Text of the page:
Several months ago I wrote up the installation of my RV network. While that has generally worked well, it had a number of components that were 120 VAC:
- A TP-Link router to act as a bridge between the cellular hotspot and network.
- Synology DS116, which is used both as my media server and a general file server.
- A small Lenovo computer that houses my development VMs.
- The HughesNet satellite modem.
I can run all of this via the inverter while on battery power, but I don’t like to. All of their power supplies step down to low voltage DC power, so doing the conversion from DC (batteries) -> AC (inverter) -> DC (power adapters) is nothing but a waste of power. Further, connecting and disconnecting shore power is enough sometimes to act like a brownout and cause them to reboot.
This is a small portable unit that I use as a bridge to connect to whichever cellular hotspot I’m using and output an Ethernet cable to plug into the main router. It has worked well enough, but its internal power adapter means it can only ever run off AC power. Since I’ve found myself primarily using cellular connections when out, this is something I wanted to change.
While a little larger physically than what I wanted, I ultimately settled on a Ubiquiti NanoStation loco M2 to replace the bridge (I have its even-larger sibling already for campground Wi-Fi). I was unable to find anything better (i.e., smaller) on the market that could power directly from DC power, provide bridge functionality, and wouldn’t have issues — it’s amazing how much network hardware will freeze up after even moderate usage. I’m also generally a fan of Ubiquiti hardware.
Like my other Ubiquiti equipment, the loco is powered via 24V PoE, so I picked up another injector for it. This got spliced into my cellular switch and mounted next to the other injector behind the stereo. I ran its LAN cable down the existing hole to the router and its device cable out the same hole as the cellular amplifier’s antenna.
For lack of a better idea, the loco itself was mounted with detachable Velcro to the wall near the booster. Its built-in, non-removable bracket is designed for a pole mount rather than a flat surface, and this was the best I could come up with.
The remaining hardware all sits in the same area, though it all uses different connectors and DC voltages: 12V and a 2.1mm barrel plug for the Synology, 20V and a proprietary plug for the Lenovo, and 12V/48V dual voltage through a four pin connector on the HughesNet modem.
Synology does not offer a 12V adapter of any kind that I could find, but the nominal voltage of the device is 12V, which meant the best option was to make a custom cable for it. They also don’t publish any electrical specifications, so I began by disassembling the device to verify the voltage range it’s capable of handling (16V max).
Combining a 2.1mm barrel plug, inline fuse, piece of 18/2 wire, some crimps, and an Anderson Powerpole pair, I created a short pigtail that would allow me to plug the barrel plug into the Synology and the Anderson end into a new wall port.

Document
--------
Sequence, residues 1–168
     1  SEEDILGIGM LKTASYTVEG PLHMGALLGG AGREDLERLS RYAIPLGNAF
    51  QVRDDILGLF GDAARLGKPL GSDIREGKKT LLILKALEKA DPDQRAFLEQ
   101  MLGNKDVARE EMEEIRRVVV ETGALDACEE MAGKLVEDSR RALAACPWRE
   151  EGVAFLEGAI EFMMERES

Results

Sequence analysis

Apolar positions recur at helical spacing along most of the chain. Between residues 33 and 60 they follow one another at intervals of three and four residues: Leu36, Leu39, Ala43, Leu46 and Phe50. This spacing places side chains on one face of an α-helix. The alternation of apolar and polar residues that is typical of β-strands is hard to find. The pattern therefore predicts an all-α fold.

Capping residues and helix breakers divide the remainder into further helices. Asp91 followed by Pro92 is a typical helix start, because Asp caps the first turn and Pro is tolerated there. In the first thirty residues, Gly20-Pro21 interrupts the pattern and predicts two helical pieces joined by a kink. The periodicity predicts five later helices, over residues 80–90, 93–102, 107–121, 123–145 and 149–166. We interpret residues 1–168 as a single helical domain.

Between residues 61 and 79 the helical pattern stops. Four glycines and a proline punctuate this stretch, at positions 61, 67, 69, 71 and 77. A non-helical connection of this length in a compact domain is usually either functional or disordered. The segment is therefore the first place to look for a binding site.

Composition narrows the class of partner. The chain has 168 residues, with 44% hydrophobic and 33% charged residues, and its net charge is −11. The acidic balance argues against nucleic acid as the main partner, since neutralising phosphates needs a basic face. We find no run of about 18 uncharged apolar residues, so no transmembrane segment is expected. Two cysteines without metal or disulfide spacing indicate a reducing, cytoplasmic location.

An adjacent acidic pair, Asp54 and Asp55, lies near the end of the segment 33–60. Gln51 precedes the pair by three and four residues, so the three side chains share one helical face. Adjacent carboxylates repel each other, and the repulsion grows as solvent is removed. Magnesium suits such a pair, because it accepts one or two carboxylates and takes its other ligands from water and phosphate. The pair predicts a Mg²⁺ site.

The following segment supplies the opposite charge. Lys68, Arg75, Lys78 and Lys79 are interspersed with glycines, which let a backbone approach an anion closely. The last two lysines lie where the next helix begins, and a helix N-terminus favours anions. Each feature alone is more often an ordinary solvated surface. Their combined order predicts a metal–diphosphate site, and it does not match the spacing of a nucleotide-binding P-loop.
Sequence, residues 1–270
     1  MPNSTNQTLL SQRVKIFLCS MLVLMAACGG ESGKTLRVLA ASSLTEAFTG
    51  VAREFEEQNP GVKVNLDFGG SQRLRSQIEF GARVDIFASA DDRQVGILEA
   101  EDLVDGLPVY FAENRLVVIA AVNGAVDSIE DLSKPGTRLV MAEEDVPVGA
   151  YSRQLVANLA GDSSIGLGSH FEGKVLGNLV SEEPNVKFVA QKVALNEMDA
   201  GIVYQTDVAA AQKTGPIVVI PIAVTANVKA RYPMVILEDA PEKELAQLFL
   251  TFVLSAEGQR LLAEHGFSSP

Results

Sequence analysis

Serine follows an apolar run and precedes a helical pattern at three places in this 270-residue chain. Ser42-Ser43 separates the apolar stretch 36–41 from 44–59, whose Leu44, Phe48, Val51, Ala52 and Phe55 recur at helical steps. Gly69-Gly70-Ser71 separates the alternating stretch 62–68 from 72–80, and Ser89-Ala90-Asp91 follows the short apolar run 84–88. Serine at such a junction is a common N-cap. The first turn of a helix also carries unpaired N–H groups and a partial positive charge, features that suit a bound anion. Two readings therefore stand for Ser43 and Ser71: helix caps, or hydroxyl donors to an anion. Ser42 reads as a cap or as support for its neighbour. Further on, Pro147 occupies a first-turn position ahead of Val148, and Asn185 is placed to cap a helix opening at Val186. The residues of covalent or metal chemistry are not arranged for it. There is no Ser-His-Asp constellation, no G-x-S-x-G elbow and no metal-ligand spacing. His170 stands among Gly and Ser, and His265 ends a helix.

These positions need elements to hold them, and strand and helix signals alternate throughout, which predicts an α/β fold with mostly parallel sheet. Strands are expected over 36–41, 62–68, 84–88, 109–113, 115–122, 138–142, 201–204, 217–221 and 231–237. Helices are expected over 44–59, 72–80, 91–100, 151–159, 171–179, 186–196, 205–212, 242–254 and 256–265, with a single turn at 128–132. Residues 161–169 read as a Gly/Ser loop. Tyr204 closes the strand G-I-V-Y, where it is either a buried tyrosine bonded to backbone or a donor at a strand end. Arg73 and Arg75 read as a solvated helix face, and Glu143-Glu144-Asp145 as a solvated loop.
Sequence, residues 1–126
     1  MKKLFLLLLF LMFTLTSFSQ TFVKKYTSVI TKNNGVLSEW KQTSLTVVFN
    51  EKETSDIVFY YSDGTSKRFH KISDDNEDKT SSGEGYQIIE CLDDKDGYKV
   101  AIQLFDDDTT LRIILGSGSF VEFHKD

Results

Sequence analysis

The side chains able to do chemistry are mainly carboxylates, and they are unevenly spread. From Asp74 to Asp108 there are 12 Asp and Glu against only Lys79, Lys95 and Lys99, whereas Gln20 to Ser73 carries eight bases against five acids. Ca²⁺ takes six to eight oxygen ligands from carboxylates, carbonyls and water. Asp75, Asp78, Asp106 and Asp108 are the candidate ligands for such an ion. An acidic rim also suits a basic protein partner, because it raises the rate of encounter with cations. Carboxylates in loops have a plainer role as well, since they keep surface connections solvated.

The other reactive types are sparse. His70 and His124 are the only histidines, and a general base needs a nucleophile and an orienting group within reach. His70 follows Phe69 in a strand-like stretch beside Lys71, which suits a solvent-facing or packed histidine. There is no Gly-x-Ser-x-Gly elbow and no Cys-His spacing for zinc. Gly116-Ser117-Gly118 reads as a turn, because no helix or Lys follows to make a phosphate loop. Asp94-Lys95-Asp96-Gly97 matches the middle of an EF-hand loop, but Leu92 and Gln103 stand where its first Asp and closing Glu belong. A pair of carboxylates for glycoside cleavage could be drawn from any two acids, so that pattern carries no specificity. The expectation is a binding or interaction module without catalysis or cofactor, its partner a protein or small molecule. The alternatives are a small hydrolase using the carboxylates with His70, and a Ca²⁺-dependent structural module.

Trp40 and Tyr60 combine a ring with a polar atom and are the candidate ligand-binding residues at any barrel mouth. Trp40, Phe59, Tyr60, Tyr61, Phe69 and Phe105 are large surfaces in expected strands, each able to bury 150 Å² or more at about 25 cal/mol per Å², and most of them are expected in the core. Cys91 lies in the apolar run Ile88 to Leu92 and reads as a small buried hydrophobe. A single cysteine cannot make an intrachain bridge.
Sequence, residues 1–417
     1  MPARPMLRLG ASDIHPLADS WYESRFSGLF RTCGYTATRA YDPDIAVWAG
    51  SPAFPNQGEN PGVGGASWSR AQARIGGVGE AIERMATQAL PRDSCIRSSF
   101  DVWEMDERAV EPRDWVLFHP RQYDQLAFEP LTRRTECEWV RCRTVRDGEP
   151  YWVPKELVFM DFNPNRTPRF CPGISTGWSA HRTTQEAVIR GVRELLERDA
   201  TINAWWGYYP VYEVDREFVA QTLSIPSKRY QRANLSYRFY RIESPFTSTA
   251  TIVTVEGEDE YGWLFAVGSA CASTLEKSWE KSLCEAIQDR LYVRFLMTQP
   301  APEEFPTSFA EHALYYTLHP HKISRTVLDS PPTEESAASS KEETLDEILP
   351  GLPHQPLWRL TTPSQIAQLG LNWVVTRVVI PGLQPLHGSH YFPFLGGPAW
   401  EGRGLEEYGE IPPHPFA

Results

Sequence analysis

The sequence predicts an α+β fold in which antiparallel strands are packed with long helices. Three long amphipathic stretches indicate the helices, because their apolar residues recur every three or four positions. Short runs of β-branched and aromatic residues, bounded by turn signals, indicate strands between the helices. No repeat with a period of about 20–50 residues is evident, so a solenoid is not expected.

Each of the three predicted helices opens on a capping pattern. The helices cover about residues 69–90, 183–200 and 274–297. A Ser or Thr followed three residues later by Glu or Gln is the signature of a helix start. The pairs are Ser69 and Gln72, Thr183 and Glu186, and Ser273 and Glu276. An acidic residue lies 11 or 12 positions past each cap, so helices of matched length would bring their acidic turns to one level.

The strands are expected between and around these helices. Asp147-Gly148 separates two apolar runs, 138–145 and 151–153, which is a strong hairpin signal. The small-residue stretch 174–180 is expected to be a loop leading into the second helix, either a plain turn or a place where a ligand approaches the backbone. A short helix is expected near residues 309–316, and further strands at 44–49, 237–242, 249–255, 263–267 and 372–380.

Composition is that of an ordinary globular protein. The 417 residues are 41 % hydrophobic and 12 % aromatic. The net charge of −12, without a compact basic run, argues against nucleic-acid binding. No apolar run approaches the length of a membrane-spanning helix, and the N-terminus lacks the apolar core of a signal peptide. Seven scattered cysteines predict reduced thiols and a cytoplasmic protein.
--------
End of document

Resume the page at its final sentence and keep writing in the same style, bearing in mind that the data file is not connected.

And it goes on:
While I’m not a fan of the cigarette lighter style of 12V adapter because of its size, that’s what exists for the Lenovo unit. It was a better choice than building my own system with a 12V -> 20V buck converter, and it was also an off-the-shelf part that was made specifically for this purpose. When possible, I definitely like the more finished look that offers.
The difficulty with the modem is that its power adapter outputs both 12V and 48V over the same cable, the 12V pair powering the modem itself and the 48V pair going to the LNB on the dish. It’s a common enough connector that I could probably build something custom for it, but at this point I do not use the satellite connection enough to justify the work and expense of doing it.
To power the new and future adapters, I assembled a set of three common DC outlets made by the same company as the high wattage USB ones I did previously, Powerwerx. I went with a pair of Anderson Powerpoles (one for the Synology and an extra for future use), a cigarette lighter style receptacle for the Lenovo, and another pair of high wattage USB.
I located this next to the AC outlet I had installed previously, cutting a new hole in the wall. RV walls are very thin (usually two inches of void at most), so I actually had to bend the blade connector tabs on the back of each module just to get it to fit. It was surprisingly difficult to get those in far enough while also keeping the blade connectors attached.
Like the new PoE injector, these got spliced into the 12V feed behind the stereo. Here I was able to use some new “wire nuts” I had discovered by a company called Wago, and they worked very, very well. They’re much more solid than the push-in ones I had used previously, and it’s easy to change them around as needed.
Aside from my laptop’s charger, the only two AC components remaining are the HughesNet modem and AppleTV. None of these are critical enough to worry about currently, and they’d be somewhat difficult to find 12V options for. I’m satisfied enough for now.
My custom cable for the Synology works fine, but I would like something a bit more flexible and will keep my eye out for a replacement. So far, the only thing I’ve seen was 6 ft long, which I could cut down and re-terminate, but I’ll hold out for better for a little longer.
I also finally labeled my switches.